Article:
[This is a review of Elementary season 2, episode 23. There will be SPOILERS.] 

Over the last few weeks, Elementary has been spending a great deal of time developing a story around Rhys Ifans’ Mycroft Holmes, and with the penultimate episode of season 2, ‘Art in the Blood,’ that development begins to pay off. No longer is Mycroft simply the semi-lecherous owner of several restaurants, whose brother still harbors ill will towards him. Instead, the Mycroft of Elementary is revealed to be an iteration much closer in design to the original, while still maintaining a level of differentiation that manages to make peeling back the layers of his true self a more satisfying endeavor.

The show has been dolling out bits of Mycroft’s character throughout parts of the season, but because he’s been built up in stages ‘Art in the Blood’ doesn’t have to contend with a bombshell and a resolution in one sitting. Last week’s ‘Paint it Black‘ handled most of the shock, which left this installment the appropriate amount of time to do what Elementary actually does quite well: evaluate the impact of an emotionally charged situation on characters who demonstrate sturdiness and fragility in unique ways.

For one, it was a welcome sight to see that Sherlock’s response to being incapacitated by his brother and left in the lurch with regard to Watson’s safety was to ask for Gregson and Bell’s help. Regardless the characters’ actual level of involvement in helping Sherlock with what he perceived to be a serious crisis, the fact that they were his go-to in an hour of extreme need says a great deal about the way Sherlock views his relationship the men, and about his willingness to ask for help when in the past he may have opted to stay the course alone. Secondly, ‘Art in the Blood’ manages to factor in the idea that being kidnapped and having one’s life threatened by a psychopathic Frenchman would actually be traumatic. And even though Joan is aware the danger inherent in her new career as a consulting detective, the effects of her experience aren’t immediately swept under the rug or shrugged off for the benefit of pacing.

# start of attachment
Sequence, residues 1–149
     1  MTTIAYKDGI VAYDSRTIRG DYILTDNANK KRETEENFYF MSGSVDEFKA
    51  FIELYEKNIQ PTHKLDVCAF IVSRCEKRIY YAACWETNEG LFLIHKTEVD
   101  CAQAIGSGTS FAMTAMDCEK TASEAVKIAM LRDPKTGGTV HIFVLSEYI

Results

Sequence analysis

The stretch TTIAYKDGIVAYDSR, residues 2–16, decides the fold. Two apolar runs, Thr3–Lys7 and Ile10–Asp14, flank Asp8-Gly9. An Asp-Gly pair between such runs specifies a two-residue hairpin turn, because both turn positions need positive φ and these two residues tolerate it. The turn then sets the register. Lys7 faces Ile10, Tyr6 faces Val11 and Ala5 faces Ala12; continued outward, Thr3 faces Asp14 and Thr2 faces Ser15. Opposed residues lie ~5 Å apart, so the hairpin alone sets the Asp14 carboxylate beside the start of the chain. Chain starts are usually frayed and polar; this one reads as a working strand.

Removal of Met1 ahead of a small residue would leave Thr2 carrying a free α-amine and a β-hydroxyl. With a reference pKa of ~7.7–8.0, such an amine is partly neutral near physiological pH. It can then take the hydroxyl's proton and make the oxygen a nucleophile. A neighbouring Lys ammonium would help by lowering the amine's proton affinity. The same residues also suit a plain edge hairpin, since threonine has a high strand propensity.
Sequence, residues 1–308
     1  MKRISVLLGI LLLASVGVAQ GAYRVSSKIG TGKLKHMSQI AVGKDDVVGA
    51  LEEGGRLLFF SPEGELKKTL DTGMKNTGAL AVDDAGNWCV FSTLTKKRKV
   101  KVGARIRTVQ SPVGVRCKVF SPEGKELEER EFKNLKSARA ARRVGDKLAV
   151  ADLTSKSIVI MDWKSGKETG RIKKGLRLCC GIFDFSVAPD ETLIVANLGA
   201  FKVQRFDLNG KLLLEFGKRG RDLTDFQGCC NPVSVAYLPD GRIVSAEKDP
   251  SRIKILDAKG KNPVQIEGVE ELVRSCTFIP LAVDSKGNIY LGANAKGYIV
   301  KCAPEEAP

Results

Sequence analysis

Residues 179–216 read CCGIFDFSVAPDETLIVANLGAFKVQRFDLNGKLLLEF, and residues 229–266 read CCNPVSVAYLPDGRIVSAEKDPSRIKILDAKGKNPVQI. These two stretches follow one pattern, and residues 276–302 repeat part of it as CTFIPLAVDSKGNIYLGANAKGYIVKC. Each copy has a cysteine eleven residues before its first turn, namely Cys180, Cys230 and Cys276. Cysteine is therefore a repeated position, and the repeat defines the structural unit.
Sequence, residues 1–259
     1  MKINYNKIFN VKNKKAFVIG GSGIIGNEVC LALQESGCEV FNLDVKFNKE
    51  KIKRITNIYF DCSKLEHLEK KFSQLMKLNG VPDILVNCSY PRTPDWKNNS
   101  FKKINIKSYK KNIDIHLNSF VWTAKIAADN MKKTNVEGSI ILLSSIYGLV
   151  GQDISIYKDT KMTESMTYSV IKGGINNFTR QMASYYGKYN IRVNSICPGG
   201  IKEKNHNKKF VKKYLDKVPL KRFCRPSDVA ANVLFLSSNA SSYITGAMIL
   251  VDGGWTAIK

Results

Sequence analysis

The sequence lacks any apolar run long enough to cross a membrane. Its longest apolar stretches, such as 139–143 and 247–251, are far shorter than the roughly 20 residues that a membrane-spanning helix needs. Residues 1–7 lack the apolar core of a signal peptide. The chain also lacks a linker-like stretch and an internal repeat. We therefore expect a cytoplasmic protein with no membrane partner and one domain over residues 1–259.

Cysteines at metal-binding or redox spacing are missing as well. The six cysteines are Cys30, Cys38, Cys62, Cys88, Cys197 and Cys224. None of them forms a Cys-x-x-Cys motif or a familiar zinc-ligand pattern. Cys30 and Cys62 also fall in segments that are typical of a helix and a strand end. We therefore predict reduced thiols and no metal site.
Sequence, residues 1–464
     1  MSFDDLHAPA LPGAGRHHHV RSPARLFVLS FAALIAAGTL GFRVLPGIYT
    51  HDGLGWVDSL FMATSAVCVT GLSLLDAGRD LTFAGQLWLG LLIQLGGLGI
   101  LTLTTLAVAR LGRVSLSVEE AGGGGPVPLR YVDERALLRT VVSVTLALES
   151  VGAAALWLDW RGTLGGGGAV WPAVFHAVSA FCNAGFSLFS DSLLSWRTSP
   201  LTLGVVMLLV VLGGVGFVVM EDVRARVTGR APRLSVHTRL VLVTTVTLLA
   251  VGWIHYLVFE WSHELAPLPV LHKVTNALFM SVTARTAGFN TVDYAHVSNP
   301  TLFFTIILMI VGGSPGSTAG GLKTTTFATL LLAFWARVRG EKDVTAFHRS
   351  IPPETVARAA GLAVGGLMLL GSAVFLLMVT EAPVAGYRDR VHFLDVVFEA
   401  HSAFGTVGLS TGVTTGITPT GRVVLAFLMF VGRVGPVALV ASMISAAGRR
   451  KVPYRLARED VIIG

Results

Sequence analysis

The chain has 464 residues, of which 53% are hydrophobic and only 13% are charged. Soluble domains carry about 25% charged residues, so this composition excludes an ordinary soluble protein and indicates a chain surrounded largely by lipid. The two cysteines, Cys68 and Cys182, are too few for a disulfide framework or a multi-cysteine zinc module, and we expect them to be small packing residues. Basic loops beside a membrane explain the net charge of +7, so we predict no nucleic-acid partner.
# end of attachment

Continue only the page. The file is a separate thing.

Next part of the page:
Of course, the episode must be fixated on what Mycroft’s double life with British Intelligence means for not only the future of his relationship with Sherlock, but with regard to any future romantic endeavor he might have with Joan. To do this, ‘Art in the Blood’ marries the procedural element to the character portion quite well (as it did last week), with the added advantage that Sherlock’s discovery of who killed former MI6 operative Arthur West and why they subsequently removed his arms, pertains directly to one of the main characters – i.e., Mycroft.

Meanwhile, after spending most of the episode painting the elder Holmes as a “company man” who, like his brother is defined by what he does, Mycroft is afforded a redemption of sorts, when it is revealed his most recent stint with MI6 was contingent on Sherlock not being prosecuted for his inadvertent role as a courier in a failed terrorist plot. It’s a rare moment when displaying the fallibility and fragility of Sherlock makes the character more human, and augments those who stand around him as something more substantial than a buttress to his towering greatness.

As the season prepares to come to a close, those relationships will become even more important, and will hopefully generate an even more complex dynamic for the season to come.

Elementary will conclude season 2 next Thursday with ‘The Grand Experiment’ @10pm on CBS. Check out a preview below: